All the letters can be formed with the following basic shapes:


You don’t need to know the names. Just the shapes.

Now, before I show you some videos, let me give you a disclaimer: I’m cheap. I don’t have the money to spend on all the cool tools that these videos will recommend.

My suggested tools:

That’s it. At least until you feel like you’ve gotten the hang enough of it.

Today’s Top 3 Resources

#1: The Basic Calligraphy Strokes

Watch how Becca forms each of the shapes, then try it out yourself! I promise, this works well with Crayola markers. You don’t need to spend a ton on Tombow markers.

#2: Common Mistakes

Maybe this is a 102 lesson, but if you’re like my friend Lindsay, you’re probably ready for this lesson.

#3: Drill Worksheets

There are tons of free worksheets on the internet. It’s the magic of the internet. Here’s a good one to practice your basic strokes. It’s from Dawn Nicole – check out her full blog post on drill basics here!

Two Bonus resources:

  • Becca at The Happy Ever Crafter has an entire Teachable course on practicing your drills (for free!). If you have the time to watch her videos on each of the strokes and practice each slowly, go to showmeyourdrills.com.
  • I learned by watching a ton of videos on Instagram, then trying it out myself. I also needed the videos to be silent, or easy to follow if muted… I was watching them while I was putting my daughter to sleep or feeding her during her first year. If you want to see simple, mute-able videos that show you how to do each of the basic strokes, stay tuned to my Instagram stories this week! Find me @nerdladydraws. I’ll save the demonstrations to my stories in case you join me later.

That’s it, friends! Now go and practice! Next up, I’ll share resources to help you learn how to put the basic strokes together so you can draw the letters. But as Mr. Miyagi showed young Daniel, you’ve got to learn how to wax on and wax off before you can kick ass. Learn your drills!


DIY Chalkboard Canvas in 6 Easy Steps

just sold

In the winter of 2012, I was in my second year of living alone–my family and fiance were 300 miles away in Dallas while I was working in Lubbock–and at the height of a stressful year of wedding planning. By that time, I had learned to love living alone, but I still craved time with my loved ones. Maybe it was the wedding DIY bug, but that was the year I starting crafting for the home. When the Christmas season started, I discovered Hallmark Christmas and brought out my acrylic paints. Probably in the middle of my fifteenth cheesy romantic comedy, I created this:


I was so proud of this. It didn’t turn out exactly the way I wanted it to–I wanted a faux chalkboard look, but I didn’t know how to pull it off–but I was still happy with this thing that I created. I’ve brought it out every year as a reminder of my years alone, of the time that I was juggling so much but still embracing the Christmas spirit.

This year, I finally decided to take the art of handlettering seriously and learn how to do it. I started in May, and I can confidently say that I have moved from a beginner level to an intermediate one. Let’s just say that means I’m good enough to cringe when I brought out my Christmas decorations this year.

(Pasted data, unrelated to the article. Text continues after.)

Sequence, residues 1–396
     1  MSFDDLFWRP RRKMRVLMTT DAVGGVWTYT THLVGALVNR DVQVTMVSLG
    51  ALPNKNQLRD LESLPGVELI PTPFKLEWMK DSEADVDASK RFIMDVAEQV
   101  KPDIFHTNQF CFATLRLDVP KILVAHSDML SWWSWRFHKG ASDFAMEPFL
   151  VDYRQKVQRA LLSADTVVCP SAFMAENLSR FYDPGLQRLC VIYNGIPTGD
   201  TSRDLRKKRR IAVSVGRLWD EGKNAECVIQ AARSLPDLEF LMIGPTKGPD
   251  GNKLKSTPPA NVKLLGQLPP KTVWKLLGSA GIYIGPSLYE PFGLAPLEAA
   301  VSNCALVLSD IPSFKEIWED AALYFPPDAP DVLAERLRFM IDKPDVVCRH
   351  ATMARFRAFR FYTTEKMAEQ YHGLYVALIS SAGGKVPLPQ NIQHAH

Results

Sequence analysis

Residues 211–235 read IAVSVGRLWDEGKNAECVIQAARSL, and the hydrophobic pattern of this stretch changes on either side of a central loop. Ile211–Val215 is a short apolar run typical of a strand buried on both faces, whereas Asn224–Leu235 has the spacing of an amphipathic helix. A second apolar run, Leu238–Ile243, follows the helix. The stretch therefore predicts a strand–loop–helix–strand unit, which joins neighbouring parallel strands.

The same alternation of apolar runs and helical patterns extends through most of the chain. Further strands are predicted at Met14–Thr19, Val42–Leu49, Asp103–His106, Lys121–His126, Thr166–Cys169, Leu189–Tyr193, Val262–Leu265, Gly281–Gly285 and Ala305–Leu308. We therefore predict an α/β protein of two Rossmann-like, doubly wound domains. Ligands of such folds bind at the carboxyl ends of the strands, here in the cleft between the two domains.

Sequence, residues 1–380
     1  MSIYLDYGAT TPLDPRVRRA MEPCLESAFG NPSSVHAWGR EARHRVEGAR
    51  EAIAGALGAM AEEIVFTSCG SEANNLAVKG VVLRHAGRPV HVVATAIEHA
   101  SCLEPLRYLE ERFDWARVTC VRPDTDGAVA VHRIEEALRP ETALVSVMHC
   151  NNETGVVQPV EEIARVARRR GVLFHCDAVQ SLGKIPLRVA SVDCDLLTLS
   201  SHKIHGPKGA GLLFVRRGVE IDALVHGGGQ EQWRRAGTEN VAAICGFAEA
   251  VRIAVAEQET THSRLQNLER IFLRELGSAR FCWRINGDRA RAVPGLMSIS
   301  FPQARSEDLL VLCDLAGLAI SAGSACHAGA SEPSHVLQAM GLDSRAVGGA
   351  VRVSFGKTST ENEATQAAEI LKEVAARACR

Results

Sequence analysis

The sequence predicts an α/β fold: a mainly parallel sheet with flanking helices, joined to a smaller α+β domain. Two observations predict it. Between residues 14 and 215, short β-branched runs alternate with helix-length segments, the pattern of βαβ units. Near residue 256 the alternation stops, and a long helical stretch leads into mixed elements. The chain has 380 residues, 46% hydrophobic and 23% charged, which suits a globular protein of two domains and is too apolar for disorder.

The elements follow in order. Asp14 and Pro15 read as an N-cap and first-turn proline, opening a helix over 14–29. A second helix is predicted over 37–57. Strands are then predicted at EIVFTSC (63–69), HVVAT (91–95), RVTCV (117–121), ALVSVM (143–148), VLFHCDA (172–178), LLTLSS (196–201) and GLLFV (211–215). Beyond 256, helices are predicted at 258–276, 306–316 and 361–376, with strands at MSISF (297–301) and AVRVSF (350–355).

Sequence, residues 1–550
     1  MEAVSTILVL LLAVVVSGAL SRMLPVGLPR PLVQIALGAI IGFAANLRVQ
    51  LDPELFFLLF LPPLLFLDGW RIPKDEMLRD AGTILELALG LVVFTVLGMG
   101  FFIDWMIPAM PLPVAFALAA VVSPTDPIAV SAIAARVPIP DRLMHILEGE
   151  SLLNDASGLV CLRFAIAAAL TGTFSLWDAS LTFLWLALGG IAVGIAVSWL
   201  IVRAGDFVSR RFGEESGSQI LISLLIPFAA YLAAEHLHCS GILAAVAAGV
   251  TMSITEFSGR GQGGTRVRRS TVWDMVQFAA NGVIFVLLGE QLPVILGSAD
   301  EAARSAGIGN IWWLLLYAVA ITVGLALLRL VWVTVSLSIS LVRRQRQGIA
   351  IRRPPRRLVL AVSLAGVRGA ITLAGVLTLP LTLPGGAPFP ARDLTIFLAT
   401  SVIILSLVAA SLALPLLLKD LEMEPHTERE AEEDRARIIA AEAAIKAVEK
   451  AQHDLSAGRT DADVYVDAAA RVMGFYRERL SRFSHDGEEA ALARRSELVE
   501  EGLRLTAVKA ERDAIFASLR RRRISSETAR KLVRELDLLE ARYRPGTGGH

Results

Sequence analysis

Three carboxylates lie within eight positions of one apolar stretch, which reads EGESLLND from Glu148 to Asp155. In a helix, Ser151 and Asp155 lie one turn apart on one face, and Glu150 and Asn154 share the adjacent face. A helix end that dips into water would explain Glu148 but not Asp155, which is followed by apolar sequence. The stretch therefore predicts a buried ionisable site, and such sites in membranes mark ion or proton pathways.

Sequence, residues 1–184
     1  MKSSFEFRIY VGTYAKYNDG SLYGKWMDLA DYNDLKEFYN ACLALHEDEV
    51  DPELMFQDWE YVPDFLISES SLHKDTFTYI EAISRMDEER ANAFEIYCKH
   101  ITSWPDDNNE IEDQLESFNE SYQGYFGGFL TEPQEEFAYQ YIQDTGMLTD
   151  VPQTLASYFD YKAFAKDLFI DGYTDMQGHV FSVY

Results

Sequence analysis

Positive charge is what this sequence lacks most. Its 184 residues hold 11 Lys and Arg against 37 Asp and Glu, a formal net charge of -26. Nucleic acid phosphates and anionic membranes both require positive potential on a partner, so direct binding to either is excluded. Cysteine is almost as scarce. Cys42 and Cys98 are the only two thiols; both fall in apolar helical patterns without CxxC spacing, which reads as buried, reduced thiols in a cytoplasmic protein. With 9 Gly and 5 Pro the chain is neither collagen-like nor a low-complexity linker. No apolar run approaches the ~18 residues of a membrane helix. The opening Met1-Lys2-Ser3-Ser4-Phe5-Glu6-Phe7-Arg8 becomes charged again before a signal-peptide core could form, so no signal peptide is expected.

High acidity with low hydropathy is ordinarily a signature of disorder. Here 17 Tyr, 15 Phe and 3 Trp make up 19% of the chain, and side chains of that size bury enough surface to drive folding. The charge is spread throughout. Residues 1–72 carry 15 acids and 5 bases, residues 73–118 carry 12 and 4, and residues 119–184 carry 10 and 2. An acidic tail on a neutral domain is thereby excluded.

I decided to put my new skills to use with revamping my old Christmas canvases. I’m really happy with how this one turned out, so I wanted to share with you!


  • Pencil
  • Chalk
  • Handheld pencil sharpener
  • Black acrylic paint (or, a black canvas)
  • White paint pen
  • Canvas
  • Kleenex

Estimated Cost: Under $15. I had all of these items at home already, so it was really cheap.

Step 1: Sketch!

I went through several iterations of the layout and font here, practicing and experimenting with letter shapes.

I cannot emphasize enough how important it is to do pencil sketching. This was a crucial step that I missed in my 2012 canvas: I assumed my mental picture would translate well on canvas without prior planning. However, sketching helps me see how my hand shapes letters, and how the letters fall into place. It lets me play with layouts and learn what works and what doesn’t.

Step 2: I see a canvas and I want to paint it black.


You can skip this step if you want–most craft stores have black canvases now. However, I’m cheap and I happened to have a couple of plain canvases in my craft closet. I used about three coats of acrylic paint to completely black out the canvas. I prefer acrylic for crafts like this because it’s cheap, opaque, and versatile.

Step 3: Sketch with chalk.

Wait for it… in the final step, you can see how I changed this design at the last minute. Again, this is why sketching with erasable media is SO IMPORTANT!

I chose to sketch with blue chalk because it would blend into black well when I rubbed it off. Sketching with chalk allows you to make mistakes–because even if you sketch on paper, you don’t really know how it will end up until you put it to the right scale! For this piece, I ended up doing some last minute changes once I saw how the words filled up the canvas.

Pro Tip: Use a pencil sharpener to sharpen your chalk! It is so much easier to draw with when it’s got a sharper tip!

Step 5: Use a paint pen to paint over the finalized design.


Again, this step is up to you. I’ve seen perfectionists use a tiny brush to paint in with acrylic paint, and more practical artists use a paint pen. I wanted clean lines, so I chose a paint pen. I used the Sharpie oil-based white pen because 1) I had it already, and 2) my Craftsmart paint pen (Michael’s store brand) was not bold enough on the black canvas. I noticed that the Sharpie pen picked up some of the black paint and blue chalk as I wrote, making it come out duller. To make up for this, I had to wipe it off on another surface every few letters. I also went over the letters 2-3 times to get it as bright as I wanted it.

I used a stool as my table so I wouldn’t press down too hard on the canvas.

Warning: Oil-based pens can be–well–oily. Watch your hands as you write and give the paint enough time to dry before you attempt to do overlapping lines.

Step 6: Use a tissue to gently rub away the chalk.


After the paint has dried, use a Kleenex to rub away the chalk. I found that a soft, circular motion was the right amount of gentle and abrasive. This gives the piece a nice, chalky finish to complete the faux chalkboard effect.

Step 7: Display, Brag, Revel in Your Amazingness!


Show all your friends your awesome skills. I’m going to use this technique to polish up another piece. Follow me on Instagram @nerdladydraws to see how it turns out!

If you tried this technique, let me know how it turned out! If you know a better technique, share it in the comments!